The above methods of decreasing stress and anxiety are valuable, but they’re just suggestions. The most important thing you can do for your caregiver anxiety, however, is recognize that you own your mental health matters. No matter how much you need to care for someone else or how important that other person is, they – and you – need to always make sure that you’re taking at least a bit of time to ensure you are able to relax, otherwise neither of you will get the attention that you deserve from the caregiving relationship.

About the Author: Ryan Rivera is an anxiety specialist that has written countless tips for managing stress and anxiety. He has a website dedicated to anxiety disorders and treatments at www.calmclinic.com.

Senior Care and The Importance of Staying Physically and Mentally Active

Before Mom got sick, she was an active lady. By active, I don’t mean she walked every morning. Rather, she was involved in almost every woman’s club in town, dedicated time to fundraising and countless local charities and took a deep level of interest in her family’s lives.

I vividly recall the first community I visited. As the admissions director walked me through the amenities during the tour, I drifted thinking about whether my mom would be bored there. I asked the admissions director what their most unique activity was. She responded: “armchair exercises.”

She proudly told me about the activity and suggested that I stay 30 minutes for the start of the next session. I was intrigued, so I stayed.

Slowly a few residents arrived, most of them with the help of a community caregiver and a wheelchair. Once seated in a semi-circle, the activities coordinator began walking the residents through a number of arm and leg motions.

The concept was solid. The problem: the activities director either didn’t notice or didn’t care that the residents weren’t participating. Many residents had a scowl on the face, evidence of the fact that they did not want to be there. Others went through the motions as best they could.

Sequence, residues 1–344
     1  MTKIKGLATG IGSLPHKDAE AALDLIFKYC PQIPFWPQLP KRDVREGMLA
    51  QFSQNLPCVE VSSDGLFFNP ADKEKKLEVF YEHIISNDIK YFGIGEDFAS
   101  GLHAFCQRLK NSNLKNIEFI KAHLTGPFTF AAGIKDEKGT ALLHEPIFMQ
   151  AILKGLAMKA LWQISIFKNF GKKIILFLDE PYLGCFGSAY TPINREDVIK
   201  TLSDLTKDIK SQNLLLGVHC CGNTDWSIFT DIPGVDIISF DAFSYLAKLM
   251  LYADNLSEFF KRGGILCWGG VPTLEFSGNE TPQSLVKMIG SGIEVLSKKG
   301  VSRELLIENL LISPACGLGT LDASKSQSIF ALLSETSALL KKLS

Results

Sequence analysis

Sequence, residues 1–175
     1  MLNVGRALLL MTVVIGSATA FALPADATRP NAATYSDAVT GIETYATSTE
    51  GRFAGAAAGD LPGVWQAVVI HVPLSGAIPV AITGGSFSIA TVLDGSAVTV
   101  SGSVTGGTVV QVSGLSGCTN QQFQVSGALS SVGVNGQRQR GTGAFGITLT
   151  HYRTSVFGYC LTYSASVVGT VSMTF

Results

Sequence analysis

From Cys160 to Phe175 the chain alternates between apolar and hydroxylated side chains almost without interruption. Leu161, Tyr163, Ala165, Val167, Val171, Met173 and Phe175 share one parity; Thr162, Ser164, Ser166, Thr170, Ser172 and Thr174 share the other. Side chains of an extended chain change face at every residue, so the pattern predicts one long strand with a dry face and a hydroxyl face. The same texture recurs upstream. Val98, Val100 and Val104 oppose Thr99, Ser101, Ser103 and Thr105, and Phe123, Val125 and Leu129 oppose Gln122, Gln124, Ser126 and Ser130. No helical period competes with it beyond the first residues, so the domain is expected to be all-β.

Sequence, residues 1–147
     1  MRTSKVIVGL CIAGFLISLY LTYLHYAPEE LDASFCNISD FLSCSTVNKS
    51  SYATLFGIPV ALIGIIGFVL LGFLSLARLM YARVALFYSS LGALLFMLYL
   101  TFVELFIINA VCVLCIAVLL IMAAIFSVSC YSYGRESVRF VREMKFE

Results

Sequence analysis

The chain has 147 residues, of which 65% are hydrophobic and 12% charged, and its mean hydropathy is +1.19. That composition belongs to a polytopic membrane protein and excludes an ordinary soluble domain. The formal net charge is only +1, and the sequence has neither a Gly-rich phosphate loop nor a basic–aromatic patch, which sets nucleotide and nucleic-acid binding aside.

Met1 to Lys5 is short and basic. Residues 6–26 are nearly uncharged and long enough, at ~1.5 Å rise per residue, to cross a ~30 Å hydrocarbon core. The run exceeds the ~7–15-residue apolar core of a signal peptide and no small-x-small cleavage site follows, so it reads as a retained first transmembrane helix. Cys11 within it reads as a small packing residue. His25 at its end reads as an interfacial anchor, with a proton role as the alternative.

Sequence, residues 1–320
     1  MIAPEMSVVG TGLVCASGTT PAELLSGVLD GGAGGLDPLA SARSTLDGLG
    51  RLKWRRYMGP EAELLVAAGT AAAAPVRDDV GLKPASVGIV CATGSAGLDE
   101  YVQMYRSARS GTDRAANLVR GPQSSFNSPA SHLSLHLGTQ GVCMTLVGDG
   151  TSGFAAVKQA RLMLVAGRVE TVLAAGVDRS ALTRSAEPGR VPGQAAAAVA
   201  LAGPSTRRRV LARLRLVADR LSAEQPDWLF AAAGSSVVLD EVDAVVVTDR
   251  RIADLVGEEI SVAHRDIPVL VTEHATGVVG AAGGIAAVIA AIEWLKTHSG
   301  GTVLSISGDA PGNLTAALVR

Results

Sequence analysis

I remember thinking to myself when I left the community: armchair exercise is not an activity!

The point of my story is not to be sarcastic, but rather to illustrate something important. Activities represent an important part of your loved one’s day. They should be engaging both physically and mentally.

Being physically active can prevent and help treat many of the most common chronic medical conditions associated with old age. Physical activity is one of the most important steps older adults can take to maintain physical and mental health and quality of life. Yet today, more than 60% of older adults are inactive – and this number is probably much higher for residents of assisted living communities. Many are sedentary, physically unfit, and experience disability from chronic medical conditions as they age.

Community administration and staff members hear many reasons from residents as to why they are not active:

  • It’sboring.
  • It doesn’t feel good.
  • It makes my arthritic joints hurt.
  • It takes too much time.

However, they need physical activity more today than they care to admit. In fact, without physical exercise they will continue to suffer the loss of strength and stamina.

Walking groups and physical activity programs can help residents become and remain active.